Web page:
<div id="cookie_notice" class="sw-cookie-notice sw--padding-vert-4 sw--padding-hor-1 sw-dms--box-shadow--big">
<div class="sw-dms--color-white sw-grid-flex sw-grid-flex--wrap-mob sw-grid-flex--wrap--tab">
<div class="sw-cookie-notice__text--mob sw--padding-left-8 sw--font-size-14 sw-grid-flex__cell-5-7 sw-grid-flex__cell-1-1--mob sw-grid-flex__cell-1-1--tab">
<div class="sw-grid-flex__cell-2-7 sw-grid-flex__cell-1-1--mob sw-grid-flex__cell-1-1--tab">
<a class="sw-dms-button noty_close sw--padding-hor-7 sw--position-absolute sw--position-right sw--margin-right-13 sw--hide-mobile sw--hide-tablet" data-sw-set-cookie="euCookie">OK</a>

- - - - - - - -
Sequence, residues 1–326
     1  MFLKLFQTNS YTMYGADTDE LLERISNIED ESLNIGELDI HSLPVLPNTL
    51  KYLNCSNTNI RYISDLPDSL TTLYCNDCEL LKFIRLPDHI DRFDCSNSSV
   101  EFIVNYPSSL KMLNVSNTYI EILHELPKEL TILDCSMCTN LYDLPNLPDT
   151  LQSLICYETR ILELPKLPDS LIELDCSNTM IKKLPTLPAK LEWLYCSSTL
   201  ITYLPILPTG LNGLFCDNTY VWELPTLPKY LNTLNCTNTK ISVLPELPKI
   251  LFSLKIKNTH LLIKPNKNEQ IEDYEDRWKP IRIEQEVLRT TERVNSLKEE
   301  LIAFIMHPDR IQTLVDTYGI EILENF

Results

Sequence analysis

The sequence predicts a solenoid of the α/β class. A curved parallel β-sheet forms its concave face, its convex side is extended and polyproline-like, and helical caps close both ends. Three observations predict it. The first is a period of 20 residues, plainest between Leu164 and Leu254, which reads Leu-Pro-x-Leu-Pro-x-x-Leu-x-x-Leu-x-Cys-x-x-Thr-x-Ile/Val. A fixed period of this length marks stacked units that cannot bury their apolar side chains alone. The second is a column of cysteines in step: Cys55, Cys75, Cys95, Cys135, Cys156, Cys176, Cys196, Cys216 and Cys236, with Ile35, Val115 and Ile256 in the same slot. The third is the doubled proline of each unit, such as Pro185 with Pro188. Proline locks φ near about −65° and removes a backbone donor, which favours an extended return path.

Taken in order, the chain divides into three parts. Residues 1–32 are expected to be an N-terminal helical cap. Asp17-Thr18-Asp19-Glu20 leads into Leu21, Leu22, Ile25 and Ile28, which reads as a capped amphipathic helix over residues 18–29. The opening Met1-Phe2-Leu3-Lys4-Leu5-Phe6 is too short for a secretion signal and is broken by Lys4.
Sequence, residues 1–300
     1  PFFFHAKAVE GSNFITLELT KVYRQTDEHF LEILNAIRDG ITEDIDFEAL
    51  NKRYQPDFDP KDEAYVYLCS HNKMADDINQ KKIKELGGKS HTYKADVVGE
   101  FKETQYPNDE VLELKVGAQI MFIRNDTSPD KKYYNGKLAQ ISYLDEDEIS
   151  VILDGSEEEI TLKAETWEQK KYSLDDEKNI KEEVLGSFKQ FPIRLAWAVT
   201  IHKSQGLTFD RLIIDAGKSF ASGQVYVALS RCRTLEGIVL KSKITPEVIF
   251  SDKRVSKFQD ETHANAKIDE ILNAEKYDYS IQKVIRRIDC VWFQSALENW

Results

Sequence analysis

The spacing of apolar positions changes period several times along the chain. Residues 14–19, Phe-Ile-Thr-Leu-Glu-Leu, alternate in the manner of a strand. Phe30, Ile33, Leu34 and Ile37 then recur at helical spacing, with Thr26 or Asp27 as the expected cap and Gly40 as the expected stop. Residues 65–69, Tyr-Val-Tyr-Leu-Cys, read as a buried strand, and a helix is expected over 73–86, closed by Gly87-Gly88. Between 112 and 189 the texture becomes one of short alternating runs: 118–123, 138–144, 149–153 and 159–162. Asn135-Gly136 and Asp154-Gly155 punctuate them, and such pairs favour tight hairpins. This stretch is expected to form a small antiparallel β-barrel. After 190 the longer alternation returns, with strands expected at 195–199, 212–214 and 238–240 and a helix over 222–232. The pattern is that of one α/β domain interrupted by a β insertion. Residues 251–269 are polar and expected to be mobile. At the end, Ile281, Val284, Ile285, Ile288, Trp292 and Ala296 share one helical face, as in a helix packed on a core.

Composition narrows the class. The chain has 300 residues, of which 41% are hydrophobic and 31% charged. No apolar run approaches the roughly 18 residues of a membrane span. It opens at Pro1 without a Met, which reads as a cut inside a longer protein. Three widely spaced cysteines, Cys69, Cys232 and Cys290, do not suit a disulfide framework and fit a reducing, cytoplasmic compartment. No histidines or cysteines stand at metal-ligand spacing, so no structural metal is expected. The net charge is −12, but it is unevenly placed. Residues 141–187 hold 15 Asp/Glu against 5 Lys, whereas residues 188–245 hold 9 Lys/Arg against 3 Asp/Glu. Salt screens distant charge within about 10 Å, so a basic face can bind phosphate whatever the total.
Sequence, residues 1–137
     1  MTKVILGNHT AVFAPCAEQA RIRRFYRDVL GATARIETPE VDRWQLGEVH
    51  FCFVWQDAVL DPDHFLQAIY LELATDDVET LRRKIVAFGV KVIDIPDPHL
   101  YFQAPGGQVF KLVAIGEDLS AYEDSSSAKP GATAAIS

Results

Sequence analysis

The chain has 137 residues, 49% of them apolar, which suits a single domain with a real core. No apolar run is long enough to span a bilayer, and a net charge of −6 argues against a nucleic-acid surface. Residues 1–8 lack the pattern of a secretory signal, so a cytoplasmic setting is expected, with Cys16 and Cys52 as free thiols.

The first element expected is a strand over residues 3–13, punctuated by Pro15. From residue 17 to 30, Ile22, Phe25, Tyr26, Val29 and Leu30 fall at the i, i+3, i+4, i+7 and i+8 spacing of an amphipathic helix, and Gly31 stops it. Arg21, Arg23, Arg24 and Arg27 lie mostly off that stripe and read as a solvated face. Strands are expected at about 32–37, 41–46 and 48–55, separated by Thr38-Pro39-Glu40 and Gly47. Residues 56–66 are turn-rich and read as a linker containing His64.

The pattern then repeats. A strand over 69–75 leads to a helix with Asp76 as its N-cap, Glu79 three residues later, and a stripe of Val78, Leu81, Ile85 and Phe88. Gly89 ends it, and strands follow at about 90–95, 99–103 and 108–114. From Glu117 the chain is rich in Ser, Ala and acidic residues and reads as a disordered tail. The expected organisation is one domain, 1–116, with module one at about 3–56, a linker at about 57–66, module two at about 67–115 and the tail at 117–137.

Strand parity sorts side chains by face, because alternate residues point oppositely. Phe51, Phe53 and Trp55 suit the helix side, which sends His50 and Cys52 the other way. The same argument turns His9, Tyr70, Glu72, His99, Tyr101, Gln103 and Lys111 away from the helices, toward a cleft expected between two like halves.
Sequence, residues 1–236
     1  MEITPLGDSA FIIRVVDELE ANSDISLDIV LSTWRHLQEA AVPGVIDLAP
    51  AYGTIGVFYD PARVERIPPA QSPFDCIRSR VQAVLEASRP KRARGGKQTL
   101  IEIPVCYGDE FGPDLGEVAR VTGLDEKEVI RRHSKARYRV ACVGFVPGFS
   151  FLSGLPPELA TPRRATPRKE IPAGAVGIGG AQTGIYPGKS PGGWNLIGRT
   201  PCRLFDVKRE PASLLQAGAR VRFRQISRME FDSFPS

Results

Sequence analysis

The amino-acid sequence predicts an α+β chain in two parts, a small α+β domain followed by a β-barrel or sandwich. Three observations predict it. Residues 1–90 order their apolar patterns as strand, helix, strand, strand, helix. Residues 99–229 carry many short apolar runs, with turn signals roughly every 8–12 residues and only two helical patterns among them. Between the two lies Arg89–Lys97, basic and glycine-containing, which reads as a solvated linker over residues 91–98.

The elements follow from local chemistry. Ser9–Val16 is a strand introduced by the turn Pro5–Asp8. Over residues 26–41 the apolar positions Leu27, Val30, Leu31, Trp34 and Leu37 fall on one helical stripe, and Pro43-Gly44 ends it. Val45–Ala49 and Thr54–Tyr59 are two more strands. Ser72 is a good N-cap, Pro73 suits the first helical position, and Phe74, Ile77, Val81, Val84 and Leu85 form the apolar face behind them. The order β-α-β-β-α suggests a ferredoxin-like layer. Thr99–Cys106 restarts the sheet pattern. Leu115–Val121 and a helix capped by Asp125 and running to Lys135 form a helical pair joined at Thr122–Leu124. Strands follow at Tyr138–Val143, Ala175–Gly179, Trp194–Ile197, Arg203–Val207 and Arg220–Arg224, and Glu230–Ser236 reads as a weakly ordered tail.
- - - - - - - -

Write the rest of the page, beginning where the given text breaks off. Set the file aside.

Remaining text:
<a class="sw-cookie-notice__btn--mob sw-cookie-notice__btn--tab sw-dms-button noty_close sw--padding-hor-7 sw--margin-vert-3 sw--hide-desktop" data-sw-set-cookie="euCookie">OK</a>
The Titan II ICBM was the successor to the Titan I that could carry twice the payload. The engines were fueled by hydrazine-based hypergolic propellant that could be stored in the missile and offered reliable ignition. This greatly reduced time required to launch the missile from its silo. Titan II carried the largest single warhead of any American ICBM. Beginning in the 1960s the Titan II was used as a medium lift launch vehicle by NASA and the US Air Force. The Titan II was also man rated for use in the Gemini missions that helped prepare astronauts for missions to the moon.